MAUD MORGAN. Over a half century ago, three major museums each purchased a painting from her first New York show. This spring, to help celebrate her 90th birthday, the Addison Gallery of American Art in Andover, Mass., honored her with its third exhibition of her work in the last 50 years.
I had the pleasure of going with Ms. Morgan to see these latest paintings. Morgan has always made and shown both abstract and realist pictures. It is one of the contradictions that defines her work and just might be the proof of her genius. To her, painting with such differentiated objectives does not show a lack of consistency, but displays a breadth of expression.
In a gallery on the upper level of the museum, eight or nine abstract paintings lined the walls with a lone self-portrait looking on from one corner. It was an uncanny installation. The windblown face in a self-portrait was firmly braced against bad weather. The painting just to its left resembled a wall, a fortress-like alter ego, the less fierce and vulnerable version of that same determined visage. Around the rest of the room hung large vertical abstractions, like open doorways. Each one overflowed, y et with incredible economy realized a striking vision in paint, one that revealed powerful emotions of anger, pain, joy, and hope.
While the style of these paintings could be described as modernist abstraction, pure form arranged in the flat space of the picture, the force of their presence springs from the passion of Morgan's life experience, which makes the work as fresh as its paint.
Although we can still sense the impact of her years of study (1932-40) with the great Abstract Expressionist painter Hans Hofmann, we can also find the lines and shapes of life happening right now all around us.
Each of the abstract paintings in this show defined an evolutionary stage in Morgan's recovery from a recent crisis. She showed me that one extreme was catastrophic and the other was peace, but even in that first stage there was glimpse of light, of hope. She explained, pointing to a painting in the middle of the series, that the Greeks had a word for this process, which like alchemy turned a base emotion into a precious one. This painting represented a pivotal point in the healing process, where paintin g itself became an alchemical experience.
"I was fascinated by the thought that the emotion, which is so terrific, and can't go any further, slips over. So emotionally ... that was the period of change," she says. Ironically, it was the force of crisis that brought the paintings together. "These were nonstop: When I finished one, I stretched a canvas and went on to the other, with no interval.... I've never had a sequence like that, that was so united. And that's why I'm so excited."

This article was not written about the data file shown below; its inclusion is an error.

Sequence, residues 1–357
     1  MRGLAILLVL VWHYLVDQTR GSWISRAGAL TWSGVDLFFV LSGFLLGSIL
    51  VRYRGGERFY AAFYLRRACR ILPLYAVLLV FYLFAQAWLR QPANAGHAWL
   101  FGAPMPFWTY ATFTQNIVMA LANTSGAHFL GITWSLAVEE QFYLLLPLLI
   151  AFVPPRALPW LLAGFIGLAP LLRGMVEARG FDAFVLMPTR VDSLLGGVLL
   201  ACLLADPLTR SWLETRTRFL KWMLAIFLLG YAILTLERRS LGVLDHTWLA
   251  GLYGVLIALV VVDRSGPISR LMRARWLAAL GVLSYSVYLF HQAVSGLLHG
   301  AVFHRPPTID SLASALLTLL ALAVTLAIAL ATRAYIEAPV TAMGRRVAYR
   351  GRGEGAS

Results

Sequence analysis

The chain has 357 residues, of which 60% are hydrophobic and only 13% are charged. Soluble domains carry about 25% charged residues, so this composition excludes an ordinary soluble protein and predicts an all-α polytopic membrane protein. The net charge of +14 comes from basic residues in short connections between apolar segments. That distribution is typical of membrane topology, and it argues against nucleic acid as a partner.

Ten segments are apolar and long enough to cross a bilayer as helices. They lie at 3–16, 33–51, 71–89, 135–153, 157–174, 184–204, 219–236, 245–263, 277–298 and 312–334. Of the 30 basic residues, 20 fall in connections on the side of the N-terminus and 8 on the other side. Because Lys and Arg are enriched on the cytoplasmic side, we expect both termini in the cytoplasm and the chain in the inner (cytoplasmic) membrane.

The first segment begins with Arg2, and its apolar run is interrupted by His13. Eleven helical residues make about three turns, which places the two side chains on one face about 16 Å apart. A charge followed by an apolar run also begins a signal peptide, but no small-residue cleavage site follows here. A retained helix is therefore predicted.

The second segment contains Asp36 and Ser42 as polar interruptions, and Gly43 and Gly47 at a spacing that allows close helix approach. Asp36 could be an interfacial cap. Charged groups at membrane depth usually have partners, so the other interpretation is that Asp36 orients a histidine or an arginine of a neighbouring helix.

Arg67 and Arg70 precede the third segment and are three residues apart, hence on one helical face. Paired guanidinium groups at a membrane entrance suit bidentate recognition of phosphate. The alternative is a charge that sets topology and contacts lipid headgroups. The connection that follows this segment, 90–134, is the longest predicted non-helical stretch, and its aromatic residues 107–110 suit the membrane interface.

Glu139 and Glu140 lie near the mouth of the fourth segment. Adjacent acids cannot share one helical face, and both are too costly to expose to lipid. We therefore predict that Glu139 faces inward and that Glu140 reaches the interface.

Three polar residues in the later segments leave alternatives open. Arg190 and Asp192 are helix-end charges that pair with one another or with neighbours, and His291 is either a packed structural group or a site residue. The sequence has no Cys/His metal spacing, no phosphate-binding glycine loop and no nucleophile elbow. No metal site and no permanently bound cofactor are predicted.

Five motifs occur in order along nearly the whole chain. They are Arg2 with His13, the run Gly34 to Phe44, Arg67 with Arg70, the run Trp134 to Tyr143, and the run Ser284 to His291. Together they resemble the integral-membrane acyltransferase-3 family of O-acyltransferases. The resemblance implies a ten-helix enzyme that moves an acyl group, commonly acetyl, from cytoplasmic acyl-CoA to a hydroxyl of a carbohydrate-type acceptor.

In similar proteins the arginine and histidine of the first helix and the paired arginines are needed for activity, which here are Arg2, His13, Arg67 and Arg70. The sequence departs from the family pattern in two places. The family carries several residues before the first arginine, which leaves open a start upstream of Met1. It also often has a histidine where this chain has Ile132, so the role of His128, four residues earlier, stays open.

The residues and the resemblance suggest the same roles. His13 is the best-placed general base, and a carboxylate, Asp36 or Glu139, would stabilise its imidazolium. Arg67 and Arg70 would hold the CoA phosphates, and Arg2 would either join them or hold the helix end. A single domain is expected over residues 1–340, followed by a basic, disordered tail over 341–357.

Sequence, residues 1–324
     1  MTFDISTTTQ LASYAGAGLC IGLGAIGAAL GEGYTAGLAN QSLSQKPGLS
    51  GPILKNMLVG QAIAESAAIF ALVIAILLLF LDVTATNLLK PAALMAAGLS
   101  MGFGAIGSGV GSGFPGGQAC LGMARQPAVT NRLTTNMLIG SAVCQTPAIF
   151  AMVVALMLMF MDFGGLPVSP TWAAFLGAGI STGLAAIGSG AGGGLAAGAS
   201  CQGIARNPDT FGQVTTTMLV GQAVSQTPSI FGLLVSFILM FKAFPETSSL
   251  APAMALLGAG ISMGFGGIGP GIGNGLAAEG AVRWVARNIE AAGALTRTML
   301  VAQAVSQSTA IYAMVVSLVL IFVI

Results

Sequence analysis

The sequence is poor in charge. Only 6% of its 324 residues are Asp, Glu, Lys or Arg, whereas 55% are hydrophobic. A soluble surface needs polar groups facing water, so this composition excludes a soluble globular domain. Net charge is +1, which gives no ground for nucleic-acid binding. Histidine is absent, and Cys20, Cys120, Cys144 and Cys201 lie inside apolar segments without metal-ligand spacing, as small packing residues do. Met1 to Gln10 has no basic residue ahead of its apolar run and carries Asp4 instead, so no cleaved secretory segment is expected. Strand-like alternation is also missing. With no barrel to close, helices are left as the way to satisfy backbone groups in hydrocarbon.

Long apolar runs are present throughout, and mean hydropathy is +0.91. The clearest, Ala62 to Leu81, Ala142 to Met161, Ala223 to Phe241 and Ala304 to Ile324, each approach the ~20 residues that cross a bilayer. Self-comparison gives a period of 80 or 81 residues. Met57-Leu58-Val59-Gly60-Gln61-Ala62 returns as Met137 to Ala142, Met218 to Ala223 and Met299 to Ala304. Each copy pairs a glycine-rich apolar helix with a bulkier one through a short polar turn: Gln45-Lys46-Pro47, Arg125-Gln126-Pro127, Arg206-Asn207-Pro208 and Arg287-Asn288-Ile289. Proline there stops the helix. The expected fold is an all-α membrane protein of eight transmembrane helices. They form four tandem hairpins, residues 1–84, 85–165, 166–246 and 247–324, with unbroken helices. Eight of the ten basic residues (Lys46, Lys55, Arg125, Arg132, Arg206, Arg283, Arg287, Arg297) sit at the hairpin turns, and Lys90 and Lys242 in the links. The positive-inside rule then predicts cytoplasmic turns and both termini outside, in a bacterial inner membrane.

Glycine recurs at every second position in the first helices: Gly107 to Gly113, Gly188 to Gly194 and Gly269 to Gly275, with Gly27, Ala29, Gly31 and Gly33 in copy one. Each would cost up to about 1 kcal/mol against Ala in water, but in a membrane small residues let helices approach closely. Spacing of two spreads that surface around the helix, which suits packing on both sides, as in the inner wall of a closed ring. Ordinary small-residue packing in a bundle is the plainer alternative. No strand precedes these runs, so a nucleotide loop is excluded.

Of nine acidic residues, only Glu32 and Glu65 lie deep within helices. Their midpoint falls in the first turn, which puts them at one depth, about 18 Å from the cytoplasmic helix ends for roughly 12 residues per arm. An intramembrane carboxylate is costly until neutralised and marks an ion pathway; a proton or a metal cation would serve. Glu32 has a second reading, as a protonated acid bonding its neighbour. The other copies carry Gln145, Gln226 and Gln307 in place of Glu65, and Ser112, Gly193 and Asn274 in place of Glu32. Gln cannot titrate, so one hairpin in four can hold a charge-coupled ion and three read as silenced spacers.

MORGAN has completed but has not yet published her life story. It is a beautifully worded account of her experience with art and artists, into which she has mixed stories of growing up in New York City and the Canadian countryside and memories of painting her very first painting in Paris, marriage, family, divorce, and world travels. The language of it is as bold, frank, and colorful as her paintings. It is one more example of how completely her life and art are bound up together.
The first time I met Maud Morgan, I couldn't help but notice how much she looked at everything, how open her eyes were, how she seemed to drink in what she saw. The sparkle in her eyes greeted the world as if it were a new morning. I thought to myself, "Well of course, she is an artist, in mind, body, and spirit! She wouldn't miss anything." And it would seem that she hasn't.
These recent paintings are in so many ways an affirmation. And they are a challenge. Yes, we can all live this long, work this long, if we can find it in ourselves. We can make it all count.
When I look at the work of this artist, the abstractions, I get a wonderful sense of being tuned into the poetry of nature, as though, like Leonardo da Vinci, she carefully observed a flight of swallows and then resolved to make a painting fly. Not by simulation, but by assimilation. That is the experience. Maud Morgan thinks life is special, and her paintings tell us so, again, and again, and again.